Hi guys! Today I am very happy to welcome author Sam Starbuck who is hear to share his new book, The City War (which I reviewed here earlier this week). Welcome Sam!
Hello everyone! Joyfully Jay has kindly allowed me to guest blog today, with the sixth installment of my blog tour for The City War!
In the past few entries I’ve talked about studying history, about writing historical and romantic fiction in general and The City War in particular. This is my first professionally published work, and it certainly has been different, which is an experience I wanted to talk about today. To thank you all for reading, I’m offering a chance to win $10 in credit with Riptide Publishing; every comment you leave on the post today enters you to win!
To say this is the first time I’ve published isn’t quite accurate; I have four novels I can brag on, and I do. But this is my first time publishing with a professional press, with the associated work with editors and publicity and someone else putting up the sales page. I’ve written romances into my books — gay, straight, and on occasion polyamorous — but this is the first time I have written with romance as the heart of the story. It’s also the first time I’ve written much about gender as well as sexuality, which is an especially difficult subject to face when writing in a historical setting.
So The City War is a first for me in a lot of ways. I started it as a challenge to myself, because while I’ve written a lot of erotica I haven’t published most of it. In four novels and half a million words published, I printed exactly one sex scene, and I nearly cut that one. I wanted to see if I could get over the inevitable internal blush I felt when asking people to actually pay for erotica. I don’t know why; it’s not like I haven’t paid to read it in the past. I don’t know if other writers, even if other Riptide writers, feel the same way; I don’t particularly think or want to think that sex is shameful, but publishing it still seems like crossing a boundary. It’s a sharing of intimacy with the reader, particularly when writing gay erotica while coming from a culture that still places undue value on binary-gender heterosexuality.
Try it, Cassius had urged. You might like it.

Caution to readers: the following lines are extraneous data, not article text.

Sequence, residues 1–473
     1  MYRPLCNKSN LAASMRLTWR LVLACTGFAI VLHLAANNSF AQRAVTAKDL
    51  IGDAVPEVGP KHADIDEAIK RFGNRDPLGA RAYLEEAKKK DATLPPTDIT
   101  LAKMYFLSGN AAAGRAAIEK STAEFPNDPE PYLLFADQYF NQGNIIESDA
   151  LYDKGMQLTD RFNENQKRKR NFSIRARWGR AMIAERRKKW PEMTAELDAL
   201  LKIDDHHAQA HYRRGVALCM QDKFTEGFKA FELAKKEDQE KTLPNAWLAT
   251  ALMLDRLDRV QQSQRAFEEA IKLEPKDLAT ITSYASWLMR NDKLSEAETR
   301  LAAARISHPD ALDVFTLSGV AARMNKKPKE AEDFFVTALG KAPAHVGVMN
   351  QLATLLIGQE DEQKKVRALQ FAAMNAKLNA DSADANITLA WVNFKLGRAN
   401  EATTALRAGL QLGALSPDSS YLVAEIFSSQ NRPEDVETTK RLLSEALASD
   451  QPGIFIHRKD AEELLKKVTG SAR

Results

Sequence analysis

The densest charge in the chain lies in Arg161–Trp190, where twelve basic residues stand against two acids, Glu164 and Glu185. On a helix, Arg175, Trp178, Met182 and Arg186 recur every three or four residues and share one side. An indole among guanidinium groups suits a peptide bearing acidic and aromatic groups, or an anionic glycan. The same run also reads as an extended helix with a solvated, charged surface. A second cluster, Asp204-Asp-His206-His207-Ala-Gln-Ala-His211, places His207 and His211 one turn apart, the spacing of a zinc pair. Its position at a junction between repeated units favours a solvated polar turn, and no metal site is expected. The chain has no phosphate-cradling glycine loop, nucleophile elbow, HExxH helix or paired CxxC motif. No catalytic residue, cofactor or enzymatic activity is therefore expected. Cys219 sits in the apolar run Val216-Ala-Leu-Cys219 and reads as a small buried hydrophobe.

It’s not proper.
Since when have I ever been proper? Cassius had asked, licking his lips, amused. I want your mouth, Marcus, I want to see you look up at me while you’re sucking my cock. I want to run my hands through your pretty gold hair while your wet warm tongue . . .
Phew. That was tough to write, knowing it might get published. And that’s pretty mild, compared to some of the sex in The City War.
But one of the things that I believe in strongly as a writer is that one should be intimate with readers. A writer’s job, at least in my case, is to draw out a reaction, because emotional reactions make people think. The closer you are to someone, the easier it is to do that. So I think there is an opportunity with romance and erotica, which both involved highly charged emotions, to create an impact with the reader. Sometimes that impact is as simple as saying “This behavior is normal; it’s been done for thousands of years, and it’s okay.”
There’s a saying that there are three forbidden topics at dinner: politics, religion, and sex. I believe I’ve managed to cram all three, in varying amounts, into The City War. It’s been an exciting and admittedly sometimes terrifying experience, but I wouldn’t trade it. In the end, I’m proud of my first professionally published novella, my first published erotic romance, and to be a part of a publishing house that values such things and encourages the writing and reading of them.
As for how I write, the tips and tricks I use, that’ll be coming up tomorrow at Nyx Book Reviews.
Sam Starbuck is a novelist and blogger living in Chicago because he enjoys trains, snow, and political scandals. By day, he manages operations for a research department at a large not-for-profit, and by night he is a pop-culture commentator, experimental cook, advocate for philanthropy, and writer of fiction. He holds two degrees in theatre, which haven’t done much for his career but were fun while they lasted. His love of ancient cultures and art crimes makes him a very strange conversationalist at parties. His novels include Nameless, Charitable Getting, and Trace, published independently, and The City War, published with Riptide Publishing. He blogs here, and you can check out his writerly accomplishments here.
Senator Marcus Brutus has spent his life serving Rome, but it’s difficult to be a patriot when the Republic, barely recovered from a civil war, is under threat by its own leader. Brutus’s one retreat is his country home, where he steals a few precious days now and then with Cassius, his brother-in-law and fellow soldier—and the one he loves above all others. But the sickness at the heart of Rome is spreading, and even Brutus’s nights with Cassius can’t erase the knowledge that Gaius Julius Caesar is slowly becoming a tyrant.
Cassius fears both Caesar’s intentions and Brutus’s interest in Tiresias, the villa’s newest servant. Tiresias claims to be the orphaned son of a minor noble, but his secrets run deeper, and only Brutus knows them all. Cassius, intent on protecting the Republic and his claim to Brutus, proposes a dangerous conspiracy to assassinate Caesar. After all, if Brutus—loved and respected by all—supports it, it’s not murder, just politics.
Now Brutus must return to Rome and choose: not only between Cassius and Tiresias, but between preserving the fragile status quo of Rome and killing a man who would be emperor.
You can buy The City War or read an excerpt here.